A Fib Rx: The only one who can answer if this Rx is "good" for your father is his local team who knows him best. There are just too many issues related to his problem that we do not know. So go talk to them with him. ...Read more
Failed tykocin therapy for afib ablation not an option due ivc filter amiodarone only other drug option offered side effect? Any other options
Phlebitis: As dr. Akl said, phlebitis simply means inflammation of a vein. Generally phlebitis is something that will go away on its own but taking anti-inflammatory medicine and using warm and/or cold compresses, along with compression, helps. Now the issue is, do you just have phlebitis or is there more going on than that? If there is a clot in there you need to know it. As dr. Bein said, see your md. ...Read more
Perhaps: The phlebitis caused by the IV is a local irritation of the vein due to the IV catheter, fluid type placed into the iv, and length of time the IV was present. This phlebitis can get infected and travel up the vein. Taking the IV out is the first step, and use heat, and tincture of time for resolution. Another IV is another site can result in another phlebitis, so pay attention to the causes. ...Read more
Multiple effects: Amiodarone is primarily a class iii anti-arrhythmic agent. It prolongs the depolarization phase of cardiac muscle--the muscle takes longer to reset after contraction, slowing down the heart rate. Amiodarone also acts on sodium & potassium channels to delay conduction of the action potential through the sa & av nodes. ...Read more
NSAID & compression: Most cases of phlebitis can be safely treated conservatively with compression hosiery, nsaids, cold packs, and walking. However, extensive phlebitis or phlebitis of certain veins sometimes requires anticoagulation or sugery. Duplex ultrasound is necessary first to rule out associated, and potentially more serious deep vein thrombosis. ...Read more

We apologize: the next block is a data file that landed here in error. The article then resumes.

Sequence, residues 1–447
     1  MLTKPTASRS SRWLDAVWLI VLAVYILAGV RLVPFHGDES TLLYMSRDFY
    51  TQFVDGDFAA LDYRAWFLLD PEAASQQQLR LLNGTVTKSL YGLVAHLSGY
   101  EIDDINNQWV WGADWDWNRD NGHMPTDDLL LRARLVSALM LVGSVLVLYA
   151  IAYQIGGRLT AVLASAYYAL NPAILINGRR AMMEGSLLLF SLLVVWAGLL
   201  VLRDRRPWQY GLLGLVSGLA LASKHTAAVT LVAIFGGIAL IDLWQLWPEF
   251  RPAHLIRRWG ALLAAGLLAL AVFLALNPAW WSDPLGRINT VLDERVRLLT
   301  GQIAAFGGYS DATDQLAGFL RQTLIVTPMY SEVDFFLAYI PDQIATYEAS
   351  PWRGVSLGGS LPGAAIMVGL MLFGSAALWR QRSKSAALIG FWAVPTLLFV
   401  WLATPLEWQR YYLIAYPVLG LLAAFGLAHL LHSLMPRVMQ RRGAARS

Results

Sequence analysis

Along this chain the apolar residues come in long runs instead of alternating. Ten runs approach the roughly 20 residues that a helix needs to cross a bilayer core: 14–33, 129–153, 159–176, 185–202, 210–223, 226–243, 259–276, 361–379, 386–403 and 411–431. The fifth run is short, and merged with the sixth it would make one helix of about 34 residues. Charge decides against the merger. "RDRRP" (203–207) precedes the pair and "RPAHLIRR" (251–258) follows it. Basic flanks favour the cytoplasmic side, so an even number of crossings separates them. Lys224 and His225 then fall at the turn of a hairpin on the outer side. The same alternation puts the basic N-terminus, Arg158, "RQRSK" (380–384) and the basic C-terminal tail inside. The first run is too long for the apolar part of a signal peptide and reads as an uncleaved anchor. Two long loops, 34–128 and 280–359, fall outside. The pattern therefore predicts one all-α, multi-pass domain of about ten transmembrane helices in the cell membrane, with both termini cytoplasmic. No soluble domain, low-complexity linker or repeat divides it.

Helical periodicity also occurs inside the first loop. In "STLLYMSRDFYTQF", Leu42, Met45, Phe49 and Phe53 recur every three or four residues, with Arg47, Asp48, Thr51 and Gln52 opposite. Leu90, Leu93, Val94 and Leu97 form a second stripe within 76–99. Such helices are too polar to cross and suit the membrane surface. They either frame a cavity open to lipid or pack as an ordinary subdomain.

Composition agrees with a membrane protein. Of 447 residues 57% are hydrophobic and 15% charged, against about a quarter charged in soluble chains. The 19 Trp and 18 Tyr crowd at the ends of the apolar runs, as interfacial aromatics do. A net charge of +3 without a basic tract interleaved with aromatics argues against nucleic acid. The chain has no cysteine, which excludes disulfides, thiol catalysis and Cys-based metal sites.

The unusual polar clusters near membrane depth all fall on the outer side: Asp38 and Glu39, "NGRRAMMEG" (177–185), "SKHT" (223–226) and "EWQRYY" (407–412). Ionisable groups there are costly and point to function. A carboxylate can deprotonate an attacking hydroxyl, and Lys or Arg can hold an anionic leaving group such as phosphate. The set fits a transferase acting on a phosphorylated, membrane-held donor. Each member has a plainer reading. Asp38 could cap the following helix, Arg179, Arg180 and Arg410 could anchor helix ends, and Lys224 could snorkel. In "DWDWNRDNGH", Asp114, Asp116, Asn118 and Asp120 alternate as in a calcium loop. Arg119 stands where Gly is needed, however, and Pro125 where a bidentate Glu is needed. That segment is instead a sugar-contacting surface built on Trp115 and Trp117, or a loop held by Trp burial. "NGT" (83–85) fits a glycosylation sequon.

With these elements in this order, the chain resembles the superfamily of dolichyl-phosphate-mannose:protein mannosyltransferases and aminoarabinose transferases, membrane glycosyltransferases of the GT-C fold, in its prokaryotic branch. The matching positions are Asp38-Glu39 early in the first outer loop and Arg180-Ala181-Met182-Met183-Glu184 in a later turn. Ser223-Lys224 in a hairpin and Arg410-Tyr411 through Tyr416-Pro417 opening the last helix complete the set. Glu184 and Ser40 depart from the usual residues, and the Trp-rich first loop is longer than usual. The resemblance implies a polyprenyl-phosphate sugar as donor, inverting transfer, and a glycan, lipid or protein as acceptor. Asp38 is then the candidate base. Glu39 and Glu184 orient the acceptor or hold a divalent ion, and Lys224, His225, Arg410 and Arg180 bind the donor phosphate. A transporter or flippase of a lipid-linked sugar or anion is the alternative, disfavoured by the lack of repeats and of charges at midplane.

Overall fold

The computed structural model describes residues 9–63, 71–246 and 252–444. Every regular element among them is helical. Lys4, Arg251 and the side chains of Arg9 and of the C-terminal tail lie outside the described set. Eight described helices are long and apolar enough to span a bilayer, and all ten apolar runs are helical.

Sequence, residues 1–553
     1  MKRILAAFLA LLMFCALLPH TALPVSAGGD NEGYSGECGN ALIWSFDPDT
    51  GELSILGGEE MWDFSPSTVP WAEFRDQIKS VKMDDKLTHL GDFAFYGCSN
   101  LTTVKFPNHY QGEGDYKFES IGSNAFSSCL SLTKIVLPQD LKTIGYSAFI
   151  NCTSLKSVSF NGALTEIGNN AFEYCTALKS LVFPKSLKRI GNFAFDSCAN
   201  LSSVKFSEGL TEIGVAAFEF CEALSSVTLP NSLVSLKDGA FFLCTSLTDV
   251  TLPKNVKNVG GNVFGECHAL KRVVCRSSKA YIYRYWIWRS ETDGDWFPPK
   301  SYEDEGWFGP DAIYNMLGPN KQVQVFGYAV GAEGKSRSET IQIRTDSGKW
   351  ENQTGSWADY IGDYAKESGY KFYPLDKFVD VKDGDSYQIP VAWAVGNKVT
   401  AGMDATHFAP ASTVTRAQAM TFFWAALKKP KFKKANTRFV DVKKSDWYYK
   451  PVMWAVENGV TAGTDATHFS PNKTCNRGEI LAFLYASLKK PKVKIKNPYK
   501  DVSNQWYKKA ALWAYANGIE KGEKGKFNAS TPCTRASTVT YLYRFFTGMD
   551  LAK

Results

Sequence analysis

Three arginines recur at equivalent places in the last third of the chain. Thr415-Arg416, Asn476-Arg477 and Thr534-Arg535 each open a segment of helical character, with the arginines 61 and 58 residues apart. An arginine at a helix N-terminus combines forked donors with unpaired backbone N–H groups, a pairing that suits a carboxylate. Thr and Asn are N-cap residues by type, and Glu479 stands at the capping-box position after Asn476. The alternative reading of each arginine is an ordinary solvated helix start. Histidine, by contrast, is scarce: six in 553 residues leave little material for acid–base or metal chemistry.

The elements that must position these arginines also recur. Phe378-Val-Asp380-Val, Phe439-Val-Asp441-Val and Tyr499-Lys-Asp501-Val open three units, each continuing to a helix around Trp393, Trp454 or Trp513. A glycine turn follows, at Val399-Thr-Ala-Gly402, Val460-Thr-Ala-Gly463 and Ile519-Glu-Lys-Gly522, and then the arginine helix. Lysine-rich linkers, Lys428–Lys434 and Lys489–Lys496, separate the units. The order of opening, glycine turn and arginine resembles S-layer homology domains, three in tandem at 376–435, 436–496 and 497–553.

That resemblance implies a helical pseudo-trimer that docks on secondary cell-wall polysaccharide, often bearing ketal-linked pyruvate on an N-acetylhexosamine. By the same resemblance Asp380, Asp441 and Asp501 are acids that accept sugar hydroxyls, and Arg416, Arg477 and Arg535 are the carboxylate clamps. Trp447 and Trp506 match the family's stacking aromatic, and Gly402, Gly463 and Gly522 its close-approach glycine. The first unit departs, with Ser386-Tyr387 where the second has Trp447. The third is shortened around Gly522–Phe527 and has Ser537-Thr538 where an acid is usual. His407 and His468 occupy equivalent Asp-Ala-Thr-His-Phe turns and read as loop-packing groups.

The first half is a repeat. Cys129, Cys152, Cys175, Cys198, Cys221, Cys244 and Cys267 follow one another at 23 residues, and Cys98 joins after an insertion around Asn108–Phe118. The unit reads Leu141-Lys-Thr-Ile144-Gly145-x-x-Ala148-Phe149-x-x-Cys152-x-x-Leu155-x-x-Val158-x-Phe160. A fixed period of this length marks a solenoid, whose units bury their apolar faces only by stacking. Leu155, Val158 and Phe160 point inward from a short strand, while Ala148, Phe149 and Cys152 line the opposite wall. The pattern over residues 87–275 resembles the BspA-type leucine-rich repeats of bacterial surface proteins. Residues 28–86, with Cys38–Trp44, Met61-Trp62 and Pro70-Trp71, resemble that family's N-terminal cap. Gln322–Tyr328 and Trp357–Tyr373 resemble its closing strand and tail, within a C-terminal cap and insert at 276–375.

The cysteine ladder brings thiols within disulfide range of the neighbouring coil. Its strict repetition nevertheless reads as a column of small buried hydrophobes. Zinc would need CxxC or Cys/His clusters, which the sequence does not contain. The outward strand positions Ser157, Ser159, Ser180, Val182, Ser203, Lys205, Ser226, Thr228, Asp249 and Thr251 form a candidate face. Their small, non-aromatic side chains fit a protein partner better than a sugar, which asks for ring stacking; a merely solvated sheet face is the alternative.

Slow Down There: Antiarrhythmics are, as a rule, complicated drugs with a lot of side effects and a ton of potential contraindications. They are not easily interchangeable. At the very least a cardiologist and better still an electrophysiologist should help you decide which are eligible for you specifically. That said, dofetilide, sotalol, flecainide, propafenone, verapamil and dronedarone are some freq. Choices. ...Read more
Reduce the pain of phlebitis with anti-inflammatories like ibuprofen, combined with an extra streength Acetaminophen blocks both pain pathways. Warm compresses, compression stockings help.
See a vein specialist to evaluate the cause, like a superficial vein clot, which can be treated further. ...Read more
An inflamed vein: Phlebitis is an inflamed vein. The problem is that the inflammation is often caused by a thrombus (clot) and the only way to know that a clot is present or not is to have an ultrasound. Clots are common in phlebitis and 24% of the time that a person has phlebitis associated with a clot, they also have a deep venous thrombosis. About 10% of these are associated with a pulmonary embolism. ...Read more
Pain, swelling, etc.: Phlebitis is inflammation of veins, which can come on with mechanical irritation like an IV catheter, chemical irritation from IV meds, and blood clots. Thrombosis in veins can be superficial, and the signs/symptoms: pain, redness, cord-like to touch, swelling, warmth. Deep vein thrombosis: pain, swelling, catch, charlie-horse. ...Read more
Differently: Amiodarone is a medication with many known side effects, many of which are rare. It can help treat life threatening arrhythmias and is an imprortant medication. Most people tolerate it just fine but there can be side effects affecting the thyroid, lungs, liver, and skin which at times can be irreversible. Treatment with this medication requires careful monitoring. ...Read more